Please use this identifier to cite or link to this item:
Title: Evaluation of aroA deletion mutant of Salmonella enterica subspecies enterica serovar Abortusequi for its vaccine candidate potential
Authors: Alam, Javed
Singh, B R
Hansda, D
Singh, V P
Verma, J C
Keywords: Abortion;Guinea pig;Mutant aroA;Salmonella enterica Abortusequi;Vaccine
Issue Date: Nov-2009
Publisher: CSIR
Abstract: The present study on a defined deletion aroA mutant (B-26) of Salmonella enterica subspecies enterica serovar Abortusequi (S. Abortusequi) for residual virulence and safety in experimental model revealed that the virulence of the strain was at no difference in any of the cell assays (caprine alveolar macrophages, bovine alveolar macrophages, guinea pig blood mononuclear cells and horse blood mononuclear cells) than that of its parent virulence plasmid cured (S-787) and wild type (E-156) strains. The mutant did not cause any apparent illness in baby guinea pigs (15 days old), adult male and female guinea pigs and also not in pregnant (54-55 days of gestation) guinea pigs through oral (4.2 × 109 cfu/ animal) and intramuscular (im) routes (4.2 × 107 cfu/ animal). In pregnant females the mutant also induced abortion as its parent (E-156) though to lesser extent (33%) than the parent strain (100%) on inoculation through intravaginal (4.2 × 109 cfu/ animal) and intraperitoneal (4.2 × 107 cfu/ animal) routes. The babies born from mutant inoculated mothers survived better and were also resistant to intraperitoneal lethal challenge (7.82 × 109 cfu/ animal) with 100% protection. Female guinea pigs challenged after 135-165 days of inoculation with the mutant afforded 100% protection from abortion and mortality caused by lethal infection (7.82 × 109 cfu/ animal) of wild type S. enterica Abortusequi (E-156). The study revealed that aroA mutant (B-26) was safe through oral and im routes for immunization and afforded 100% protection against salmonellosis for more than 5.5 months in guinea pigs. Although immunization with aroA mutant in experimental model afforded good protection against abortion and mortality induced by S. Abortusequi, further studies are needed in horses to exploit the strain’s vaccine potential in the natural host.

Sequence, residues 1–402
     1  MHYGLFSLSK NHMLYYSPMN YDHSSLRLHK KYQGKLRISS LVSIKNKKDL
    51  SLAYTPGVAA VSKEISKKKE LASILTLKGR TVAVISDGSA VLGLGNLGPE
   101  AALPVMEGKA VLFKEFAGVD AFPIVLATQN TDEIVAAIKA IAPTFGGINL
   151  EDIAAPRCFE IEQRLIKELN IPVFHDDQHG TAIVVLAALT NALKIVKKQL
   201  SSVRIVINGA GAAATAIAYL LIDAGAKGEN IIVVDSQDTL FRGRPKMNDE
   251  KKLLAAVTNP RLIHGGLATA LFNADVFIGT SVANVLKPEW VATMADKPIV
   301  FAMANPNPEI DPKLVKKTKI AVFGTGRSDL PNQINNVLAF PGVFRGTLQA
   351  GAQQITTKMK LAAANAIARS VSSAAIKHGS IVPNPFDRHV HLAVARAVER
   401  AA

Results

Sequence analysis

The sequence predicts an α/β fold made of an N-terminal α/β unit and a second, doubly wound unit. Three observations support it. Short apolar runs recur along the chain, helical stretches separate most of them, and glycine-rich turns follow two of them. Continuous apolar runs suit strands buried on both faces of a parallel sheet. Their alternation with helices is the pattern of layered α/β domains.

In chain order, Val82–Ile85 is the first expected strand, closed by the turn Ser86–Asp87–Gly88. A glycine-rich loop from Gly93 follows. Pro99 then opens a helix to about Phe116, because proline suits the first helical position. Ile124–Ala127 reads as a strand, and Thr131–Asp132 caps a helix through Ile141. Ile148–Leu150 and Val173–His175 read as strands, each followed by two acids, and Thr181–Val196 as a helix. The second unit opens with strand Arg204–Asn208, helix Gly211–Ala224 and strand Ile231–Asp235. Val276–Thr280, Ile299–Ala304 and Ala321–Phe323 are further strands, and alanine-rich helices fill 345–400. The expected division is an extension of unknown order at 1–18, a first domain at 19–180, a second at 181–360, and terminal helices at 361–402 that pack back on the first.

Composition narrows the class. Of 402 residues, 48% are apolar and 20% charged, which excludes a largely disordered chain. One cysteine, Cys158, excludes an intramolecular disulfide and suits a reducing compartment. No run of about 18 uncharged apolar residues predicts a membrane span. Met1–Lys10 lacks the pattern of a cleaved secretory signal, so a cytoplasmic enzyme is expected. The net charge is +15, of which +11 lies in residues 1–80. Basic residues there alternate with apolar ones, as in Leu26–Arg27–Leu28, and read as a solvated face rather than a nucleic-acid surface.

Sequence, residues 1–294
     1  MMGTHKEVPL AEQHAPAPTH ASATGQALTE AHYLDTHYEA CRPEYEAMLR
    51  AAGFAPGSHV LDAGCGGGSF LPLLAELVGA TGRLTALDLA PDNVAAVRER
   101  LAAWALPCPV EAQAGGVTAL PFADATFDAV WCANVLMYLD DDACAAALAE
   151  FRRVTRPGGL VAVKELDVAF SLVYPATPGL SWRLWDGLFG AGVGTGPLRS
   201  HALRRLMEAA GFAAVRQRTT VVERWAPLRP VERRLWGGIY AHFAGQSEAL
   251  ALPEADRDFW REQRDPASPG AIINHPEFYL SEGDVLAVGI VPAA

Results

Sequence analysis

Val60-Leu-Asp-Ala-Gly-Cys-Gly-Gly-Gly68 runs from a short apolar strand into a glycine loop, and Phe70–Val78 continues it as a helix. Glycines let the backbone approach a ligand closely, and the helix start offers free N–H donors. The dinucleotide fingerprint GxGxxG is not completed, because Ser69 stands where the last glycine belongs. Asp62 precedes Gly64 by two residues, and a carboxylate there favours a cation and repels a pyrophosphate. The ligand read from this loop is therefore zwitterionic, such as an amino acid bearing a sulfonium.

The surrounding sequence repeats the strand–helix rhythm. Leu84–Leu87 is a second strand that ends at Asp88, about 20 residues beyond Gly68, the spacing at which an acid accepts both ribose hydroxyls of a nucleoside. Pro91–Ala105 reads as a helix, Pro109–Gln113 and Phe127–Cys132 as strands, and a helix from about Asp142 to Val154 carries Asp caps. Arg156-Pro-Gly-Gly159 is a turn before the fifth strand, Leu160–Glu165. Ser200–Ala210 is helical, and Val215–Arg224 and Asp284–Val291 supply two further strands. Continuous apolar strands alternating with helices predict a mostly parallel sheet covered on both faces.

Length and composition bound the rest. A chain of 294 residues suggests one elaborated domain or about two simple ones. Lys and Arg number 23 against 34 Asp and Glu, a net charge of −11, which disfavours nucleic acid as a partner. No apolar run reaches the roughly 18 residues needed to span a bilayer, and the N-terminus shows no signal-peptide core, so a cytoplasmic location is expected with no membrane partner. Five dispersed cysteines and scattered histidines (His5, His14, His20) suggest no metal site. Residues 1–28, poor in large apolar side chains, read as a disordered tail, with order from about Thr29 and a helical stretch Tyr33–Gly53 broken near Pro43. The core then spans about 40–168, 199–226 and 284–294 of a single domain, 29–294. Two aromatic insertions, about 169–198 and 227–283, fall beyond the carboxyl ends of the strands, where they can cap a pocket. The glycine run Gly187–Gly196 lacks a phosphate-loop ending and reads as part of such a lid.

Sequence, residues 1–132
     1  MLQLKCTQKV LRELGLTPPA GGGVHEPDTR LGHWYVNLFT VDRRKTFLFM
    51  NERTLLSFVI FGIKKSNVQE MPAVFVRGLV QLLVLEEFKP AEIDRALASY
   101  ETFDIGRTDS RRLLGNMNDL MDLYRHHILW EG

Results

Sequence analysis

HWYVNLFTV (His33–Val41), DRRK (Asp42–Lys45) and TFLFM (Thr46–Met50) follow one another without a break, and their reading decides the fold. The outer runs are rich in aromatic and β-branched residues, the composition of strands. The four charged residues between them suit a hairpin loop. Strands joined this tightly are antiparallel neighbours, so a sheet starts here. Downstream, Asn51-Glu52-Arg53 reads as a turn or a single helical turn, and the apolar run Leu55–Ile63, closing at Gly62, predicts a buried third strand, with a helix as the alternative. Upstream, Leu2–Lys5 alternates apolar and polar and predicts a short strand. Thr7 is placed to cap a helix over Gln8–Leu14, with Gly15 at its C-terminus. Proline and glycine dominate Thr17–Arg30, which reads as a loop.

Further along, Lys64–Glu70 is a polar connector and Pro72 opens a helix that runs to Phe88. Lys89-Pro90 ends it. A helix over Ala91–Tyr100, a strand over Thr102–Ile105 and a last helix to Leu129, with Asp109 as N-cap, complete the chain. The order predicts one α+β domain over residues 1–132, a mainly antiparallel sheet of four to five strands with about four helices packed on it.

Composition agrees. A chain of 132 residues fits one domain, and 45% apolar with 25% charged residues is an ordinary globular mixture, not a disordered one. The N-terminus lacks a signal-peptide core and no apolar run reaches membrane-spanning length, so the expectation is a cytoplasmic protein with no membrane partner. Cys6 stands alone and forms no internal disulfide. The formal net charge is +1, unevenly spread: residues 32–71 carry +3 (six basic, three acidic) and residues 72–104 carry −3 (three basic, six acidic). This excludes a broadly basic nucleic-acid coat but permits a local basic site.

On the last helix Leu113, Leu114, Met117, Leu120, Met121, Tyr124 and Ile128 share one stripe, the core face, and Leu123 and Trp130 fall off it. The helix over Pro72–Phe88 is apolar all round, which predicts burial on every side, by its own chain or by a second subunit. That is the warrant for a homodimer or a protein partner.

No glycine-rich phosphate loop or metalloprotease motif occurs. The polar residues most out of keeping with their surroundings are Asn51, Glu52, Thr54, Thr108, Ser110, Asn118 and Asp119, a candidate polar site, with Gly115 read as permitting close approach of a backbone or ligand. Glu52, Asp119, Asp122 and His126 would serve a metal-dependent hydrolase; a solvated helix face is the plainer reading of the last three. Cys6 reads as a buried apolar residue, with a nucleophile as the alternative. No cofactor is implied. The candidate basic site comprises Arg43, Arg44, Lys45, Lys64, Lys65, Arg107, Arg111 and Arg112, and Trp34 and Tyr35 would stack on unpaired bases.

Page(s): 871-879
ISSN: 0975-1009 (Online); 0019-5189 (Print)
Appears in Collections:IJEB Vol.47(11) [November 2009]

Files in This Item:
File Description SizeFormat 
IJEB 47(11) 871-879.pdf129.58 kBAdobe PDFView/Open

Items in NOPR are protected by copyright, with all rights reserved, unless otherwise indicated.